Now, more than ever, it’s important to speak openly about things we can do to make the world a better space for those most vulnerable. Right now, it feels like a week doesn’t pass without another story about LGBTQ+ violence or assaults on women.
It is our responsibility as allies to work towards safer spaces. There are a thousand ways we can all support this. Even though I’m currently focusing on making events safer, it can also be how we behave as a participant of events or just as a member of the public. Whether at a conference, a club night, or a community event organised by the community, a recent post from Tina Edwards made me think long and hard about what I can do to help make people feel safer.
When asking someone to participate in the production of an event, more consideration needs to be given to how that person interacts with the event, the environment, and its organisers. How do they get to the venue? How do they get home? Are they met and escorted in unfamiliar surroundings to ensure they feel safe? Are the travel (and accommodation if applicable) arrangements put together in a way that they feel safe?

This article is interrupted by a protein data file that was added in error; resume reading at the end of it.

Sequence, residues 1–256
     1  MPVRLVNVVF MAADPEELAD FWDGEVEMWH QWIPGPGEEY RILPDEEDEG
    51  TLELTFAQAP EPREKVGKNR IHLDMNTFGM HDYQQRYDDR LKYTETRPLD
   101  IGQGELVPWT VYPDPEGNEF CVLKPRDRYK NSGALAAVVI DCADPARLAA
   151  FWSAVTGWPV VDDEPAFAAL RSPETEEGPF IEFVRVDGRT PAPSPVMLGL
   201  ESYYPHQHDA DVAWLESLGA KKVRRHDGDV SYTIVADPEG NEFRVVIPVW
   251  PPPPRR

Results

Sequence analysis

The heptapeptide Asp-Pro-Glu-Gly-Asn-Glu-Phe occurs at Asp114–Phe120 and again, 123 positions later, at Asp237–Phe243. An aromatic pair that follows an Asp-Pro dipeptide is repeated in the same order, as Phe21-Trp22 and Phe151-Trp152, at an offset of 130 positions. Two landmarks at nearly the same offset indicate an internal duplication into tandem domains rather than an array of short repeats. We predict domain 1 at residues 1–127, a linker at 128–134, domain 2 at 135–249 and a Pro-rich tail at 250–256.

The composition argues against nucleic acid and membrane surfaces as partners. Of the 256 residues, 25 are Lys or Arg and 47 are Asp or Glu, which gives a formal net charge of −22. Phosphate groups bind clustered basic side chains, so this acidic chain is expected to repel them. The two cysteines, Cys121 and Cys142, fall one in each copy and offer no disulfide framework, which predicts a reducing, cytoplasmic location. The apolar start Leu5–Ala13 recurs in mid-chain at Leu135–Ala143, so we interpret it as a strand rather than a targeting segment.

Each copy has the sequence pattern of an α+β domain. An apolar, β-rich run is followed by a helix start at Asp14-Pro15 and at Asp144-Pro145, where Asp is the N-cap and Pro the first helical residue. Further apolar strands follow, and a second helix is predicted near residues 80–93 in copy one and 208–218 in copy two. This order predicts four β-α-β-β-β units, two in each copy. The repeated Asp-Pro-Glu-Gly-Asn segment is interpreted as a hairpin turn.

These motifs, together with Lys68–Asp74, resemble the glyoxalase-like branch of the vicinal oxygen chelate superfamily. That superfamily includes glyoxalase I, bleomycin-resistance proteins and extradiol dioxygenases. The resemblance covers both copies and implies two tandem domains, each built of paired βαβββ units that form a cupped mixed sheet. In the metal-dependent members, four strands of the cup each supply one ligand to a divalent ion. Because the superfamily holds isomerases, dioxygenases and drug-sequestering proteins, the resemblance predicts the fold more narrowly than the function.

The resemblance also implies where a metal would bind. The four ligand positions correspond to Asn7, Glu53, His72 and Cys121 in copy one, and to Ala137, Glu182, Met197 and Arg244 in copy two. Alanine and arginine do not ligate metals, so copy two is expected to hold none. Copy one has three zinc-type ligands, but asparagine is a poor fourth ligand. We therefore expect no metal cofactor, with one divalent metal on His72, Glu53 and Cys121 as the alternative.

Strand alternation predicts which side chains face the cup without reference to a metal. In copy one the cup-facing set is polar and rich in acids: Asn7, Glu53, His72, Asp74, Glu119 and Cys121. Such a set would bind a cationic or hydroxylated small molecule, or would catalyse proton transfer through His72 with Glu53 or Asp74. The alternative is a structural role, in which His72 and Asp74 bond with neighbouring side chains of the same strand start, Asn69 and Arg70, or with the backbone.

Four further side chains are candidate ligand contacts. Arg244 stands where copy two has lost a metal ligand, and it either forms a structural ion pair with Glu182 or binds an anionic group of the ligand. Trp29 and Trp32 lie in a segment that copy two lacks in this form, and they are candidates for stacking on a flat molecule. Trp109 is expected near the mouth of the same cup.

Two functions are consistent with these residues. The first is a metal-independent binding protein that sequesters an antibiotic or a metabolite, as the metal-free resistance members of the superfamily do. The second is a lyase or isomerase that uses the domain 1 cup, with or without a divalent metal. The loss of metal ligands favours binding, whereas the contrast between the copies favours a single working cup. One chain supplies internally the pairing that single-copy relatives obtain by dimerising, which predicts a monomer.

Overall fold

I am acutely aware that I don’t have to think about whether the shoes I’m wearing are fit for running away from danger due to my own identity. Or whether I have excess baggage on me that might make this more difficult. I don’t have to think about how speaking on a stage puts me in increased danger due to my visibility. I probably wouldn’t question someone gifting me a drink in the same way others would.
There are so many thoughts surrounding how to be safer that must go through the minds of so many. The onus is not on those vulnerable to make these environments safer, and it is institutionally wrong to expect them to. I wanted to document this somewhere as a pledge. To show that effort is being made to make events (and wider communities) safer.
If you’ve got any more thoughts on things I should be considering as part of this, please get in touch.